That's how it went when I got a refund on STALKER.

Re:G'Day Valve, (0)

Anonymous Coward | about a month ago | (#47786081)

It's time for a good booting, IMO.

Welcome to Australia, Ferengi. (5, Informative)

Jimbookis (517778) | about a month ago | (#47782529)

I have noticed when purchasing new items these days that there are slips of paper reminding consumers of their rights and whatever the company bandies about as company policy cannot trump Australian consumer law, ever. We do refunds here. Suck it up.

Re:Welcome to Australia, Ferengi. (0)

Anonymous Coward | about a month ago | (#47782549)

I have noticed when purchasing new items these days that there are slips of paper reminding consumers of their rights and whatever the company bandies about as company policy cannot trump Australian consumer law, ever.

We do refunds here. Suck it up.

Which is a nice way of pacifying the consumer since they would then have to be arsed to look up and comprehend what rights they do possess, then try and figure out which of the myriad of 'you can't do this' policy statements from said company don't apply.

Re:Welcome to Australia, Ferengi. (5, Informative)

Brulath (2765381) | about a month ago | (#47782665)

It's pretty straight forward, if it breaks within the expected tolerances and lifetime that the average consumer would expect, and is critical to the operation of the device, they must repair, replace, or refund it. If it's a major fault that would've prevented its purchase in the first place, they must refund. If it costs over either $10,000 or $40,000 (I don't recall which off-hand, as it's rarely relevant) then it falls under different warranties, but anything under those is protected.

It basically says "buyer beware" is bullshit and sellers are responsible for providing quality products, not misleading people into buying crappy ones. Though you can still provide crappy products that work just well enough to not be considered broken - they're usable, at least.

Re:Welcome to Australia, Ferengi. (0)

Anonymous Coward | about a month ago | (#47782723)

And as an additional note - the "repair, replace or refund" is at the consumers discretion, not the companies.

Re:Welcome to Australia, Ferengi. (0)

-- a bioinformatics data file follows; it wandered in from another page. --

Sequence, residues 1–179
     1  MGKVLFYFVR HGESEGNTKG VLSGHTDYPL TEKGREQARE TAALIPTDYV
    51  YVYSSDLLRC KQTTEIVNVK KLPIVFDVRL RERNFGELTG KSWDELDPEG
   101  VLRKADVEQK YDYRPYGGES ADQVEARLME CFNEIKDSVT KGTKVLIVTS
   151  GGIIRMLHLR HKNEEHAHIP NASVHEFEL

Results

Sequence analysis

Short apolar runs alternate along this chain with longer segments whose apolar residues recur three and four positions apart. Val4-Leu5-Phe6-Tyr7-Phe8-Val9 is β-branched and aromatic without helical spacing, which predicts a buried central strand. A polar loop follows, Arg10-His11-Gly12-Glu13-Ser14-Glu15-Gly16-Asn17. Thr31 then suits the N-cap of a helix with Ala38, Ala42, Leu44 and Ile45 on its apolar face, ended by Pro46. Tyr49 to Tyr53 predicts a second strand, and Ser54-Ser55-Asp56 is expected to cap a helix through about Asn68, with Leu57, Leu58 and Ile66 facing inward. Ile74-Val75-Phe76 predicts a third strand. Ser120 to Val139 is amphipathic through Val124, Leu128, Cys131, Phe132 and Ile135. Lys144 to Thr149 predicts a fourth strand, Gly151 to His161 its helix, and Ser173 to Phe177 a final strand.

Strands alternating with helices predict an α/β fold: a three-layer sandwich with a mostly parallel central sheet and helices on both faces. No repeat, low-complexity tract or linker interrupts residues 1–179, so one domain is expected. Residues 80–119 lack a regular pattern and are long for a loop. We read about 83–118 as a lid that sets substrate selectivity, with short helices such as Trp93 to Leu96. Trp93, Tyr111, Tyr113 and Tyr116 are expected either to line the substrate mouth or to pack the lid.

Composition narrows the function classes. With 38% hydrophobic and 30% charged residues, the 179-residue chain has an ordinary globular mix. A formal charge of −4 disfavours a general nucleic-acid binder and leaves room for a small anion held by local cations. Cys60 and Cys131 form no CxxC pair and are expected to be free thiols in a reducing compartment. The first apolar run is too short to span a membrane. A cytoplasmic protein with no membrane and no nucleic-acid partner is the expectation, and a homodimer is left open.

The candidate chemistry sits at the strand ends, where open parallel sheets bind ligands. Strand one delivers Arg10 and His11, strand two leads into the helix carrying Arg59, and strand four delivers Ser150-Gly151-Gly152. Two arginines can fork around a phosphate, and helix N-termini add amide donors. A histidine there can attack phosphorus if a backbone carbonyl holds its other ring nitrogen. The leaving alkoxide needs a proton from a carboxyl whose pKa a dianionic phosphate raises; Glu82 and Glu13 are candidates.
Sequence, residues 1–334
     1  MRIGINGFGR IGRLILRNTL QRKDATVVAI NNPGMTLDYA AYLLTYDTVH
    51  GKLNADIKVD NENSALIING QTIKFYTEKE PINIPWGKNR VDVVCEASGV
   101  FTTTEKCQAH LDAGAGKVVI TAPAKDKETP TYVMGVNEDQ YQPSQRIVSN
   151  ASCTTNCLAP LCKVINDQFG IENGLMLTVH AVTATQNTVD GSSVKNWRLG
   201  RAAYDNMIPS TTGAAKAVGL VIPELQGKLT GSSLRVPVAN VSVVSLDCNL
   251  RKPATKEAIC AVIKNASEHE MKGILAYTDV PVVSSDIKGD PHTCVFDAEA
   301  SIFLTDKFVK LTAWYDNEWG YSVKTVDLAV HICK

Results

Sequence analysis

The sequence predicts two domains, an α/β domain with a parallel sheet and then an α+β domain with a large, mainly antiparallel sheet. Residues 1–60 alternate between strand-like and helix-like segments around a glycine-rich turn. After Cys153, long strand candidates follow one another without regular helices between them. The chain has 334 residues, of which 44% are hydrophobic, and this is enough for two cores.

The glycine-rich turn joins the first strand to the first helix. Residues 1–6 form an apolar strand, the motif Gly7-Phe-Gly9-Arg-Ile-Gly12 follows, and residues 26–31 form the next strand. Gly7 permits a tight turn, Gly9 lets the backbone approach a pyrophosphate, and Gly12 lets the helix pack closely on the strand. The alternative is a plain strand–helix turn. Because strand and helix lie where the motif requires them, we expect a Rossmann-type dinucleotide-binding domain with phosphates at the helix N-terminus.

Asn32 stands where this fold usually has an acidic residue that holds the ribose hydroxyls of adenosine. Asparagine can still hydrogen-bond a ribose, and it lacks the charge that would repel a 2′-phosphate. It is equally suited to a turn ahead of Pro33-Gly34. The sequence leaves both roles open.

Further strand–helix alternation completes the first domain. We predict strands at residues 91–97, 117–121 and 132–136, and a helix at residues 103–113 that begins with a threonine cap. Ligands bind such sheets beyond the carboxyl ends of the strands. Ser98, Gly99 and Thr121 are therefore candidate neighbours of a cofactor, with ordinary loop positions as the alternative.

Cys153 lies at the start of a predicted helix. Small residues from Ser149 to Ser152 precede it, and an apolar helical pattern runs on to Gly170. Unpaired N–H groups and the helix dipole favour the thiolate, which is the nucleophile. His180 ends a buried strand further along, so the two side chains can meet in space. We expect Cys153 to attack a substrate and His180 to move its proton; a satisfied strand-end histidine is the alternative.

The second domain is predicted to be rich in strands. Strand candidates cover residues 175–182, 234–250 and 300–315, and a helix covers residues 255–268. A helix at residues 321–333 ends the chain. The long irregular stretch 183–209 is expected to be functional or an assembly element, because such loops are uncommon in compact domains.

Anonymous Coward | about a month ago | (#47782829)

Ummm, no. It's the company has the discretion to repair, replace or refund.

If it was no of merchantable quality, *then* the only likely outcome is a refund.

Re:Welcome to Australia, Ferengi. (0)

Anonymous Coward | about a month ago | (#47783289)

No, the customer chooses. I live in Australia, I know.

Re:Welcome to Australia, Ferengi. (1)

Khyber (864651) | about a month ago | (#47784391)

Umm, no. I have clients in Australia. My shit breaks, it's their choice, not mine, to get a refund, repair, or replacement.

The only thing at my discretion is whether I replace it with the exact same item, or I give them an upgraded model in its stead.

Re:Welcome to Australia, Ferengi. (1)

mjwx (966435) | about a month ago | (#47785339)

Umm, no. I have clients in Australia. My shit breaks, it's their choice, not mine, to get a refund, repair, or replacement.

The only thing at my discretion is whether I replace it with the exact same item, or I give them an upgraded model in its stead.

Welcome to utter bullshit land.

You dont have clients in Australia, you have at best, people you've ripped off and ignored further contact with as an overseas agent... but in more likelihood you're making the whole thing up.

Yes, an Australian will pursue you for a refund or at the very least ensure that people know not to do business with you again if they cant pursue you through an Australian court.

Re:Welcome to Australia, Ferengi. (0)

Anonymous Coward | about a month ago | (#47786005)

This.

Sounds like he got fleeced by his clients. Or has big issues with his products.

From the ACCC website:

"If you have a minor problem with a product or service, the business can choose to give you a free repair instead of a replacement or refund. When you have a major problem with a product, you have the right to ask for your choice of a replacement or refund. For a major problem with a service, you can choose to receive compensation for the drop in value below the price paid, or a refund."

Re:Welcome to Australia, Ferengi. (1)

Opportunist (166417) | about a month ago | (#47783303)